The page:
If cricket was ailing after Cronje-gate, the latest revelations provide another body blow to the game. The problem now, after the the roller-coaster ride of the summer, is that a sceptical public will no longer view the extraordinary, such as a batting collapse, with innocent wonderment.

In short, cricket finds itself in an unholy mess, albeit one largely of the ICC's own making. Inaction during the early 1990s and political squabbles over where the problem lay, allowed corruption to take root and spread from its epicentre in Asia.

Gone, too, at least as far as those named by the CBI report, is the notion that innocence, unless categorically proven, will always be presumed. In the current climate, muck will stick, despite creed, colour or reputation.

The need to punish someone is now a priority, and the leniency shown to Waugh and Warne is unlikely to be repeated. After their emergency meeting last May, the ICC introduced punishment tariffs, which can apparently be backdated to July 1993, two years after they introduced the code of conduct.

According to the latest directives, Stewart's alleged wrongdoing would bring a five-year ban, though presumably that could only be enforced providing he had failed to mention it on the declaration form scheduled to be signed by all international players by the end of this month. As a starting point to win back public confidence, these forms are now a matter of urgency.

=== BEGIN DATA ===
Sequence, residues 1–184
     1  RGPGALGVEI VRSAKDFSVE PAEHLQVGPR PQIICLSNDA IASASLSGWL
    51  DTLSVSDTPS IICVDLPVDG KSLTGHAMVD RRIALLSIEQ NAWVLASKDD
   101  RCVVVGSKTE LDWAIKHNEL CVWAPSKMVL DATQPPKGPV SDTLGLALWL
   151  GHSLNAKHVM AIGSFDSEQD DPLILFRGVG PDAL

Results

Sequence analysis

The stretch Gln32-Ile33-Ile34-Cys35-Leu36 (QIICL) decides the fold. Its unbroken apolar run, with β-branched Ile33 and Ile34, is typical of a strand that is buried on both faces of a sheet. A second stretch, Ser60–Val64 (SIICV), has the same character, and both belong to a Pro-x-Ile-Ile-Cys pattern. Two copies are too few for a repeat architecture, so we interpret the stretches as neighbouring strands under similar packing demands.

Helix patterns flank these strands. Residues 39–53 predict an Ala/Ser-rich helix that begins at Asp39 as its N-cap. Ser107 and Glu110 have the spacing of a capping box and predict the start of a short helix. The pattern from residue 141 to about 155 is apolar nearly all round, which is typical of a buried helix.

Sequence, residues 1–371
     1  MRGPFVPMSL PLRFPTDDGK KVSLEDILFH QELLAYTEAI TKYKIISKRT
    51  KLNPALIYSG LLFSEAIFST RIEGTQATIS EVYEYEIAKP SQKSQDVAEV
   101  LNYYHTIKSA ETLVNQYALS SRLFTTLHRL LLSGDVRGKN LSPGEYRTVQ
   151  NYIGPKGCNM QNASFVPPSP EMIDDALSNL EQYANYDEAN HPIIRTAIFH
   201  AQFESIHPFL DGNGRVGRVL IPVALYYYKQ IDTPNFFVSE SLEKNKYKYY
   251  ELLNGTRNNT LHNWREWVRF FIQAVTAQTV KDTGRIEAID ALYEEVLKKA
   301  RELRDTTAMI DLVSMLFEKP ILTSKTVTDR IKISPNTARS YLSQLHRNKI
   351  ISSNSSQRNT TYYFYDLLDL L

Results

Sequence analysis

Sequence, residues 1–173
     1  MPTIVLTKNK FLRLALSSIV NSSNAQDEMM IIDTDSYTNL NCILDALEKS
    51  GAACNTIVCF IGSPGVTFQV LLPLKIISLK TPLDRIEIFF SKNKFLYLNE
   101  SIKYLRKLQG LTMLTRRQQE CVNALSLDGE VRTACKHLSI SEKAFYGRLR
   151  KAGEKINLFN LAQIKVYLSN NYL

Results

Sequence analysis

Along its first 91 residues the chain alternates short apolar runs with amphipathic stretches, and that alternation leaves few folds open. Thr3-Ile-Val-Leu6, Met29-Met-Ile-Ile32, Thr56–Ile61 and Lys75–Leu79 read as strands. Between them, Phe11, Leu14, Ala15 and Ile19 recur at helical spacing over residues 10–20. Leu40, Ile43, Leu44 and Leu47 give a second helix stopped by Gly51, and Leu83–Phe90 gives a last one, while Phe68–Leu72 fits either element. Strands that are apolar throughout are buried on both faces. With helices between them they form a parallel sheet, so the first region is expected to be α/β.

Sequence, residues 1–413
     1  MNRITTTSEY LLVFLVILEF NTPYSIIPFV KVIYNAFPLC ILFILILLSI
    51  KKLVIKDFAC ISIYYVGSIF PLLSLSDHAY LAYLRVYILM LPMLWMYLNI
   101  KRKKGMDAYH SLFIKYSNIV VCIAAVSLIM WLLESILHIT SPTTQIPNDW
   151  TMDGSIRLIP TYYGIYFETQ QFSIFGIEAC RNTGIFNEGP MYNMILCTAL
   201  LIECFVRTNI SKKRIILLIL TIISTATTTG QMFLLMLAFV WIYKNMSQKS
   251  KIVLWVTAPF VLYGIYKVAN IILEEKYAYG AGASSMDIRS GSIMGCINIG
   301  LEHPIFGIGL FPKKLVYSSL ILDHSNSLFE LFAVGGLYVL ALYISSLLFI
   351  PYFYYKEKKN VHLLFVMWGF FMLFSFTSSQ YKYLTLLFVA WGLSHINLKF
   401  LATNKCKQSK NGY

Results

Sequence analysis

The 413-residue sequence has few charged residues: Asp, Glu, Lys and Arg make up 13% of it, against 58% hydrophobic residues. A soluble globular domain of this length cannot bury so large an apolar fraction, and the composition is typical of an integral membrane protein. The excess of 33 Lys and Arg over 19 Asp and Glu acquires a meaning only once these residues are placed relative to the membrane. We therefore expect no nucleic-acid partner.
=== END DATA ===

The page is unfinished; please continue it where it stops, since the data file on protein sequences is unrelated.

Such a long ban would be harsh and almost certainly unenforceable by law. If Stewart is guilty of accepting money for such banal information, the penalty should not be clouded by hindsight of recent events, however unpleasant the view.

Back in 1993, players would not have thought twice about giving out such information. Indeed, a friend of mine from Ladbrokes regularly phoned me when I was in the England team to ask just such questions. He never offered to pay me for the information and I certainly never had the slightest suspicion that I was doing anything untoward.

Crowe, who captained New Zealand during the 1990s, more or less confirmed that view yesterday, when he admitted having taken money from Gupta. But if his admission gives the impression that he did not see his actions as wrong, it also gives Gupta's claims, rubbished by Stewart, some real credibility.

After yesterday's blacklist, which included some of the greatest names in the game, it is difficult to know what cricket must do to win back public confidence. In the early 19th century, when corruption within the game was also rife, the banning of several key players appeared to serve as a deterrent before the moral code of muscular Christianity descended to give cricket its reputation as the "Gentleman's game".

In time, Sir Paul and his unit may get to the bottom of the matter, but real change will have to come from the players themselves. Now that there is decent money to be earned in international cricket, the need and temptation to err are receding to the point where only the avaricious, or the stupid, will risk both livelihood and reputations in search of an illicit bung.